I, Nickolas A. Grebnitsky, Russian military chief of the Commander Islands district, with the rank of colonel, make the following statement:
I have been residing on the Commander Islands, and have directed all sealing operations there for the last fifteen years, and during this whole period have been absent from the islands but very little.[Page 442]
I have carefully observed seal life, the condition of the rookeries, and the method of taking seals at all seasons and under all conditions, with the object of keeping the Russian Government thoroughly informed as to its sealing interests, and the proper management of same.
While I have never had an opportunity to examine the Pribilof Islands seals, yet I do not hesitate to express the opinion that that herd and the Commander Islands herd are distinct and do not mingle at all. There are some natives on the islands who are familiar with both, and who state that there is a marked difference in the animals. Besides, my studies as a naturalist enable me to state that it would be contrary to all reason to suppose that they mingle with one another. The Commander herd probably approaches very closely to the Robben herd in winter, and yet it does not mingle with it. Of this I am sure, for I have charge of Robben Island as well as of the Commander Islands, and know the skins of the two herds to be different. The skin of the Commander seal is thicker, has coarser hair, is of a lighter color, and weighs about 20 per cent more than a Robben skin of the same size. It is wholly improbable that the seals of the Commander herd visit any land other than the Commander Islands. I believe they regard these as their home, these islands being peculiarly adapted to their needs at the period of bringing forth their young, and of breeding.
The fact that the Robben Island herd still frequents Robben Island, to the exclusion of any other land, notwithstanding it has been subjected there to the utmost persecution, shows to my mind conclusively that the presence of man will not prevent a seal herd from returning to the same land year after year. Even if isolated instances have occurred (I know of none) in which, for various causes, a few of the Commander Island seals reached other shores, such exceptions would not disprove the general rule above stated.
I can readily understand that a female which had been wounded in the water might be obliged to seek the nearest land and there give birth to her pup. Annually at almost stated periods they arrive at the islands, and immediately proceed to occupy the same grounds which have been occupied during past years, in a way which makes it impossible to doubt that they are familiar with the locality. I believe that at some time during the year every seal comes ashore.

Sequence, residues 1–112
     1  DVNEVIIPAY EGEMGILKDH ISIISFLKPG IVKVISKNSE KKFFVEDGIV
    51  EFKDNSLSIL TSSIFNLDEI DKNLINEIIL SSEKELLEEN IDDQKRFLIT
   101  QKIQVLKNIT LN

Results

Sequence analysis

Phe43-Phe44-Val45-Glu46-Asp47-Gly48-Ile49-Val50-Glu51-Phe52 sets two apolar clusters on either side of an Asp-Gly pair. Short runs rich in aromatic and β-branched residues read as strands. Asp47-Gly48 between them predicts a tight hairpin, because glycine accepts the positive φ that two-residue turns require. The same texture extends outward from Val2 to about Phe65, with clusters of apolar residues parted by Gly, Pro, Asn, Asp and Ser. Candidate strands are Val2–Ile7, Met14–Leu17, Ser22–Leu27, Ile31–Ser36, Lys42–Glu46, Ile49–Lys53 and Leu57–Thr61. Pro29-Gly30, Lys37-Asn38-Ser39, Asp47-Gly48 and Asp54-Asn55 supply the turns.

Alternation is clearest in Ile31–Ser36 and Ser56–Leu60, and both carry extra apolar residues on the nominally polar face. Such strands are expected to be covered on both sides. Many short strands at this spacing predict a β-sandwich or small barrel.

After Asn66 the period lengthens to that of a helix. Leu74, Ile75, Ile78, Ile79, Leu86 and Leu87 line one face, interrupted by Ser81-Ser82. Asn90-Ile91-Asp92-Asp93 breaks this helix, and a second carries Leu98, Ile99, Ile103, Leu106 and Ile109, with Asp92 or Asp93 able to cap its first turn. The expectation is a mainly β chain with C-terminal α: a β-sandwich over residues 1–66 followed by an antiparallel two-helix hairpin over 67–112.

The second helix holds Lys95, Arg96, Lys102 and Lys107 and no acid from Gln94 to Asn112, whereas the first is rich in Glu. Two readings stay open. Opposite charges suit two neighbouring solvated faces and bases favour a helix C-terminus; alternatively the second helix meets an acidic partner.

There is no reason to believe that a certain number of any class remain swimming about in the neighborhood of the islands all summer without landing, although there is considerabe difference in the time at which different classes arrive.
Soon after landing at the Commander Islands those cows which were fertilized the year previous give birth to their young. A cow does not, except in very rare instances, give birth to more than one pup in a season. The birth of pups can only take place on shore. Cows never arrive at the islands with new-born pups. But the impossibility of birth in the water is best proved by the fact that the pup when first born is purely a land animal in all its habits. It does not voluntarily approach the water till it is several weeks old, and then it is obliged to learn to swim.
A surf will sometimes wash the young pups off the rocks, when they are sure to be drowned. The pups can not swim at birth, but must be taught by their mothers. A pup would drown if thrown into the sea before learning to swim. Copulation in the water I believe to be [Page 443]impossible, for the act is violent, of long duration, and in general character similar to that performed by land animals. I believe that the seals leave the vicinity of the islands mainly on account of the severity of the winter.
Of course I do not mean to say that they would remain on shore all the year round, as many of them do throughout most of the summer, for they would be obliged to take to the water to obtain food. What I mean is that they would not go so far away as they now do, but would remain around the islands, and thus give additional proof of the unquestionable fact that they regard them as their home. I base this statement upon the fact that during mild winters I have myself seen them in large numbers off the Commander Islands and the Kamchatka coast. This would be in accord with the habits of the seals of the Southern Hemisphere, which, I am informed, are found in the same locality more or less at all seasons.